I’ve always loved the outdoors and being active. Whether it was messing around in the garden with my brother, helping my grandad on the farm or walking the dogs in the Brecon Beacons I spent most of my life pursuing fresh air; I even managed to find a job that kept me outside. So three years ago when I was asked to come to terms with never being able to walk again; in fact that I would be lucky if I regained any movement at all, it certainly wasn’t easy to hear.
I was lying in intensive care and it had been six days and still no movement or sensation when the doctor delivered the news. The impact on the bottom of the pool had caused my neck to dislocate and one of the discs between my vertebrae exploded sending shards of cartilage through my spinal cord. A severn hour operation had been successful but what lay ahead was looking bleak. At this point I didn’t realise that six days earlier I had been resuscitated three times in the ambulance on the way to the hospital but I did already know that my rugby career was over and that my life would never be the same.
It’s fair to say that a lot has happened between day 6 and now. It all started with a flicker of movement and the realisation that maybe this wasn’t over. It didn’t take long for me to realise that I was in a mental battle just as much as a physical one, recovery was going to be down to remaining positive and not giving in rather than any miracle cure. Progress was slow, the outcome still uncertain and by the time I reached Salisbury spinal unit I had spent almost every minute in the same room for 8 weeks. It was mid June and we were just entering a heat wave which made it stiflingly hot on the ward. My temperature regulation was all over the place and I still had a collar and chest brace on for at least another month so things were about to get uncomfortable. Fortunately a couple of years ago a charity built an accessible area to allow the patients to get outside and it wasn’t until I rolled out into Horatios garden for the first time, felt the sun on my face and took a gulp of fresh air that i truly realised what I had been missing. Over the next few weeks I spent most of every day out there, either doing rehab, meeting friends or just sitting and thinking next to the water features or flowers. I truly believe that the difference it made to my mindset and energy levels was one of the main reasons that after three months and against all odds I not only stood but took my first step.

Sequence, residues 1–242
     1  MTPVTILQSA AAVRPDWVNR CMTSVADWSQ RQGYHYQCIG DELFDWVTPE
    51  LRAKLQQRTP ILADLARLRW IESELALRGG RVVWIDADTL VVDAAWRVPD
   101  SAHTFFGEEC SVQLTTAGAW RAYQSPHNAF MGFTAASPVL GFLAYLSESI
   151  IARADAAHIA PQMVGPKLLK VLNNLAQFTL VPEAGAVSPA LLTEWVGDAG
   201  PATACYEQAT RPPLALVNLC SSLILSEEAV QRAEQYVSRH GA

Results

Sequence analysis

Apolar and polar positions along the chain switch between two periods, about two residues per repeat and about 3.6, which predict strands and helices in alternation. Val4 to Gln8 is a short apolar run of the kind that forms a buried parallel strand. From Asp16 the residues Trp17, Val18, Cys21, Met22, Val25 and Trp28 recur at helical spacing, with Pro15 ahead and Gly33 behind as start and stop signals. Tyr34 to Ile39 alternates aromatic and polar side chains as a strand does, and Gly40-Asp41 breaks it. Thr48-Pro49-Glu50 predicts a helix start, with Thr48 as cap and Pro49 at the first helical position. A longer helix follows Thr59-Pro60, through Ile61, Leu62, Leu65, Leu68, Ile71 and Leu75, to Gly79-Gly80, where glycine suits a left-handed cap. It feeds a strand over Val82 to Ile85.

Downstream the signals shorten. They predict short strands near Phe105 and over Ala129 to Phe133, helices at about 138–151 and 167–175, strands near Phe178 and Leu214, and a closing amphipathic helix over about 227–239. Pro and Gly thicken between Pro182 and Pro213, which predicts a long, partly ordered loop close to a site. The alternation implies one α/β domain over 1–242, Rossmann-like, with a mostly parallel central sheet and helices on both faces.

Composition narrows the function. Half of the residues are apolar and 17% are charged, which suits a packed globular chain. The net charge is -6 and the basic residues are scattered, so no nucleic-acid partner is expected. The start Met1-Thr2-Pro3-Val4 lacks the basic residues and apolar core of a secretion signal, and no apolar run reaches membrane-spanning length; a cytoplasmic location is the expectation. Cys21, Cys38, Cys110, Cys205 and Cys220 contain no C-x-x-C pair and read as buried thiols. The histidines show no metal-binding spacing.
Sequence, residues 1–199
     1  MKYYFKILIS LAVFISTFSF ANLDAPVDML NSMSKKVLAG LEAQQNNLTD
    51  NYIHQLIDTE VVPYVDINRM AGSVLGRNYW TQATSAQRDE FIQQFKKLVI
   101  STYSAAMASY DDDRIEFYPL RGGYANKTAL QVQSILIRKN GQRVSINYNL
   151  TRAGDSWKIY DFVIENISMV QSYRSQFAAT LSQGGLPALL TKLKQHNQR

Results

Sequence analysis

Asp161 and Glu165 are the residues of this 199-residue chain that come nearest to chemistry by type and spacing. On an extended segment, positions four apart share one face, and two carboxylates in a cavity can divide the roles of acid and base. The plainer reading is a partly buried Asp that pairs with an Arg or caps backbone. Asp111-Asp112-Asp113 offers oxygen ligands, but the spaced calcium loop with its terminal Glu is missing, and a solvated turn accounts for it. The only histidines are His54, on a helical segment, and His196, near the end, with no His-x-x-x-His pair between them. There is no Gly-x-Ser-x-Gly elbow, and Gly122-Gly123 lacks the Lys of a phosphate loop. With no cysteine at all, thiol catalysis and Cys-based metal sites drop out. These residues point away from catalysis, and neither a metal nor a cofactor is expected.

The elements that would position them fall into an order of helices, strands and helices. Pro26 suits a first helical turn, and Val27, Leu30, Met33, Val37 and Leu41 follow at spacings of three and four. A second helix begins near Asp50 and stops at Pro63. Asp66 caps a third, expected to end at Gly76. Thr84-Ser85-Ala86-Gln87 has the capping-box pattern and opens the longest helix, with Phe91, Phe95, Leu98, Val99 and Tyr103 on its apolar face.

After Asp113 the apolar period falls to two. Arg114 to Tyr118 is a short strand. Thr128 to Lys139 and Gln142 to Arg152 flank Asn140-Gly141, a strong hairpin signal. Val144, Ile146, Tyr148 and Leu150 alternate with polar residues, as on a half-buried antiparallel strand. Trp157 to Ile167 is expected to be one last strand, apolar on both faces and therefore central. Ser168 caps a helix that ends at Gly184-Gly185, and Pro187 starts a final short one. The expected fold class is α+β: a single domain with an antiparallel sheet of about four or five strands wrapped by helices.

I discharged myself from hospital, moved in with my parents and began pushing my body to see how much further I could take it, all the time very conscious of the impact that the outdoors was having on my mental state and consequently my recovery. It started with physio in the garden, I would use the hand rail around the decking for support as I dragged myself up out of my chair and stood for as long as I could. Things soon progressed and as the number of steps I could take increased I started to venture out in the car with my physio Pete to find quiet places and flat pieces of grass where I could fall over as much as I liked. It was about 9 months after my accident when I announced to Pete that I was going to try and climb Snowdon on the 1 year mark. The idea was met with a laugh and then a concerned look when he realised that I was being serious. At that point I hadn’t walked much further than a few hundred metres so to get from there to climbing the highest mountain in Wales in 3 months was ambitious…or stupid, depending on who you asked. I knew though that I needed something to focus on to keep me motivated through the hours of physio I was doing and for some reason I couldn’t keep my mind off the mountains. Having been brought up in the countryside and living next to the Brecon Beacons for the last couple of years I had always loved the hills but now more than ever I was yearning to get back out there. That wasn’t the only motivation though. I wanted to do something symbolic for everyone else who had been given a negative prognosis and show them that there is still hope of defying the odds. A few weeks out I opened the event up to anyone who wanted to join and although I was hopeful a couple of people would show up I was completely shocked when I turned around at the foot of the mountain to see over 70 people there to join us.
I can remember standing on the summit like it was yesterday. It had taken 5 hours to that point and despite playing over a decade of professional rugby it was by far the most physically demanding thing I had ever done. Looking out across North Wales I felt at peace for the first time since my accident. It felt like the culmination of a years hard work and the ability to share it with so many amazing people made it all the more special. I was hooked and I didn’t know where or when but I knew that my adventures weren’t going to stop there…I just had no idea how far they were going to take me.